Taking rejection out of organ transplant operations

Taking rejection out of organ transplant operations
Credit: Shutterstock

Organ transplant operations save lives. But for recipients, treatment does not end with an operation - they must take medication for the rest of their lives.

The EU-funded project ONE Study ('A unified approach to evaluating cellular in solid ') is looking to change this through cell therapy - using cells themselves to stop a donor recipient's body from attacking the transplanted organ.

Since the first successful operation in 1954, the procedure has saved many people from death and improved the quality of their lives. Scientists realised early on that such operations require more than simply replacing a damaged organ with another - the recipient's immune system sees the new organ as a foreign invader, and quickly attacks it. White blood cells eventually destroy the organ in a process known as rejection.

The very first successful kidney transplant operation worked because the donated kidney came from the patient's identical twin. While this was a breakthrough, it was not a solution - not everyone has an identical twin with organs to spare.

The next breakthrough came in the 1960s, when doctors realised that they could prevent by suppressing the patient's immune system. The same technique is used today. While it undoubtedly saves lives, the system is far from perfect. Immunosuppressant drugs reduce the patient's resistance to infections, have been linked to cancer, and can have other unwanted side effects. Patients also face a lifetime of taking drugs, which is not only inconvenient, but very costly.

The ONE Study team is looking to cell therapy for the solution. The researchers are currently developing a series of cells (haematopoietic ) potentially able to regulate the . The next step will be to test the cells on donor patients.

The tests will be carried out in Regensburg and Berlin (Germany), Nantes (France), Milan (Italy) and London and Oxford (UK). Data will be sent to one place for analysis in order to minimise variability in testing. The results will be used for a direct comparison of the feasibility, safety, cost and 'promise of effect' of each cell type.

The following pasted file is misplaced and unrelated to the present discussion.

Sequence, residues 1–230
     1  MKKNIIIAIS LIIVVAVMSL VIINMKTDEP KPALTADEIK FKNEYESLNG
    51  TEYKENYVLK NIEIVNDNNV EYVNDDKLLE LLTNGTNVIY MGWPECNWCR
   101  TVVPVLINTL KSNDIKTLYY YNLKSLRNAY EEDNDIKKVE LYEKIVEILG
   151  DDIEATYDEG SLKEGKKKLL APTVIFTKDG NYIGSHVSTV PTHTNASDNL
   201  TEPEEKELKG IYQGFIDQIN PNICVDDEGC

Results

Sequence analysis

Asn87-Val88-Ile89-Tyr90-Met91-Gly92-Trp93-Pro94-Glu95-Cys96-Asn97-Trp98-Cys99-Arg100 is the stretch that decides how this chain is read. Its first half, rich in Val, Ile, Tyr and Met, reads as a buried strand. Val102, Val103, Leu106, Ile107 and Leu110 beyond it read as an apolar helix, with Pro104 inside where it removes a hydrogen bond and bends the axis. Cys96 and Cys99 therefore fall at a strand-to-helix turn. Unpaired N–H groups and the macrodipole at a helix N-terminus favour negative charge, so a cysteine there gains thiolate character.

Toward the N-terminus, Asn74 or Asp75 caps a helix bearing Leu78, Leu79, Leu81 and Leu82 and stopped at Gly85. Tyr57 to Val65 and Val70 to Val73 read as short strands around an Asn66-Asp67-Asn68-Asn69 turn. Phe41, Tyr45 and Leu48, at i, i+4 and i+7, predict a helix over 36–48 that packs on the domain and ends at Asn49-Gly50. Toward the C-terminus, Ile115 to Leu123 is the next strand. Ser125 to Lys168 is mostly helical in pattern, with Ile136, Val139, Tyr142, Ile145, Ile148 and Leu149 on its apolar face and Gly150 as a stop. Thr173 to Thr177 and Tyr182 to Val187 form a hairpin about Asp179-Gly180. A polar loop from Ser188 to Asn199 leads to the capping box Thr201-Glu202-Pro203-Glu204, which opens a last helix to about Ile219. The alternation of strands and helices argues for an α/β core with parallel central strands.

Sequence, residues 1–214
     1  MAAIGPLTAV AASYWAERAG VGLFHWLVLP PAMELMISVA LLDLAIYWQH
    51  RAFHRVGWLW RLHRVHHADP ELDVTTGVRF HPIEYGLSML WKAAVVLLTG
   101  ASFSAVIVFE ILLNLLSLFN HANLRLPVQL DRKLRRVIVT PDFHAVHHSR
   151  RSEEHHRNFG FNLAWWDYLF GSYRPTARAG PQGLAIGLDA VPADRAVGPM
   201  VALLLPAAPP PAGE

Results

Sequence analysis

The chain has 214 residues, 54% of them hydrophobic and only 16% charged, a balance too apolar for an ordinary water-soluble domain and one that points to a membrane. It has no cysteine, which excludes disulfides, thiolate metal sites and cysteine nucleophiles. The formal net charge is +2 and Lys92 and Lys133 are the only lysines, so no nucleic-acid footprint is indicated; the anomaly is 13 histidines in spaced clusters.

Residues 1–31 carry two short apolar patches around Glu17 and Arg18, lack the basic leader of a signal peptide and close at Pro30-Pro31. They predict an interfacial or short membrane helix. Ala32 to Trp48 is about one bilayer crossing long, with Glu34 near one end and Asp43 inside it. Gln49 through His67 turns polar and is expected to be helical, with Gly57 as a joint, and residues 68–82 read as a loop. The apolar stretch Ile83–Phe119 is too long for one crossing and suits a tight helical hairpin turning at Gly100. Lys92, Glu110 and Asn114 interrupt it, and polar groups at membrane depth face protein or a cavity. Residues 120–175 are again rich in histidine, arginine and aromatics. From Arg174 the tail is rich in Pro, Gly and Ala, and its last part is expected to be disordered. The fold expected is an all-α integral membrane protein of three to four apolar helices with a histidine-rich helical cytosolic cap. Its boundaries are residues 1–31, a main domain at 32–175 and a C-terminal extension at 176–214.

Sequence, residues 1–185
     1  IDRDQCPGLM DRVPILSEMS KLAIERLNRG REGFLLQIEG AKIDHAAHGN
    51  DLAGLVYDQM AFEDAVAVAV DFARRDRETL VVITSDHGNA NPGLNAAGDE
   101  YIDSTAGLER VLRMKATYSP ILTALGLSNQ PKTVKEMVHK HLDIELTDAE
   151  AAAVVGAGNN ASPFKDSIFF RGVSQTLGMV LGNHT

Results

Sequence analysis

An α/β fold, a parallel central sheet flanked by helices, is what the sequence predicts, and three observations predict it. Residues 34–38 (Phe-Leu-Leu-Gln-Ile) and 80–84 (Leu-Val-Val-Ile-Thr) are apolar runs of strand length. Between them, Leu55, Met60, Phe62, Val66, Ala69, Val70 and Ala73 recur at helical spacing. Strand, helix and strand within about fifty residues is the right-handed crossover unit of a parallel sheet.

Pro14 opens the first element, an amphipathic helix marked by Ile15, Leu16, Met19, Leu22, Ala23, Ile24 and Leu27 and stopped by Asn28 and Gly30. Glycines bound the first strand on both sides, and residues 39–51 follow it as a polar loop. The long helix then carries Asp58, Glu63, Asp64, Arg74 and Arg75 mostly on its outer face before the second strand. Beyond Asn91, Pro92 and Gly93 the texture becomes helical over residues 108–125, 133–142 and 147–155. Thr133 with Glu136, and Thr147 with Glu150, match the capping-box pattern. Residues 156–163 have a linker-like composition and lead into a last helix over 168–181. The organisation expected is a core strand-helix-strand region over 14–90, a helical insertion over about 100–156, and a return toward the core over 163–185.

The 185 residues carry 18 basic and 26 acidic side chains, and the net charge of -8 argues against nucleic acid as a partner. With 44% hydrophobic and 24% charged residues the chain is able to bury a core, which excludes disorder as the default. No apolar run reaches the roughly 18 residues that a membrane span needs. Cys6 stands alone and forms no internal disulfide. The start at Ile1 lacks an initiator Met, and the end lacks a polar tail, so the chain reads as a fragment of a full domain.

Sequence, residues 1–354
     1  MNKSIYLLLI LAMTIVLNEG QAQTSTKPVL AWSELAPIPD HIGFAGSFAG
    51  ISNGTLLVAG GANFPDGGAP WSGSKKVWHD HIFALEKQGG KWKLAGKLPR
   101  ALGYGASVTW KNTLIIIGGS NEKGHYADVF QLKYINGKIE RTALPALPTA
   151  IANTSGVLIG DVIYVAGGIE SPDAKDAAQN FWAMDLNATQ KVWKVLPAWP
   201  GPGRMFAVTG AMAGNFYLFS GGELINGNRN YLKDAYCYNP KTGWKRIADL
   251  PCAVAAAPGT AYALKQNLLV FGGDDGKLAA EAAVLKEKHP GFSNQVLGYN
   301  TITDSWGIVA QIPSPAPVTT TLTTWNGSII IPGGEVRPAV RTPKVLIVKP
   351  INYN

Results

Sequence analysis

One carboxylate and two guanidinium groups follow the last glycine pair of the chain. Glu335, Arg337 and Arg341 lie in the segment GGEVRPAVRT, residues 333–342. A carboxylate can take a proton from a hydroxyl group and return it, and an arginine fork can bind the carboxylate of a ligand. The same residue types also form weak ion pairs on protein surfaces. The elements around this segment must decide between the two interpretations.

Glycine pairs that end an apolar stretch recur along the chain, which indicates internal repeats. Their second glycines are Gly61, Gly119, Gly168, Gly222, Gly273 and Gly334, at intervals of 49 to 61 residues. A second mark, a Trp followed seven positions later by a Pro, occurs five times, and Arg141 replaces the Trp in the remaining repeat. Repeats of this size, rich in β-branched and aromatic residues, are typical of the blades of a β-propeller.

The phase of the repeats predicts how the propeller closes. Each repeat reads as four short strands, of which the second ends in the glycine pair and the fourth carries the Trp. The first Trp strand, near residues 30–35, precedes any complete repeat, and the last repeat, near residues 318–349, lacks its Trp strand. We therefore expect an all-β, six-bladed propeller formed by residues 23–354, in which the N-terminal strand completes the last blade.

By translating basic cell therapy research into clinical utility and deepening knowledge of how different immunoregulatory cells work, the ONE Study will also pave the way for other medical research, as will the development of new technologies for sorting and tracking cells, which are needed for cell-based therapies in general.

The hope is that this project will lead to cell therapy products for further clinical tests and eventual exploitation - ultimately reducing the need for immunosuppressive drugs in organ transplant recipients.

More information: www.onestudy.org/

add to favorites email to friend print save as pdf

Related Stories

Promising breakthrough for transplant patients

Feb 27, 2013

A team led by Dr. Marie-Josée Hébert from the University of Montreal Hospital Research Centre (CRCHUM) has discovered a new cause of organ rejection in some kidney transplant patients. Her team has identified a new class ...

Recommended for you

Could trophoblasts be the immune cells of pregnancy?

Dec 18, 2014

Trophoblasts, cells that form an outer layer around a fertilized egg and develop into the major part of the placenta, have now been shown to respond to inflammatory danger signals, researchers from Norwegian University of ...

Moms of food-allergic kids need dietician's support

Dec 18, 2014

Discovering your child has a severe food allergy can be a terrible shock. Even more stressful can be determining what foods your child can and cannot eat, and constructing a new diet which might eliminate entire categories ...

Multiple allergic reactions traced to single protein

Dec 17, 2014

Johns Hopkins and University of Alberta researchers have identified a single protein as the root of painful and dangerous allergic reactions to a range of medications and other substances. If a new drug can ...

User comments

Please sign in to add a comment. Registration is free, and takes less than a minute. Read more

Click here to reset your password.
Sign in to get notified via email when new comments are made.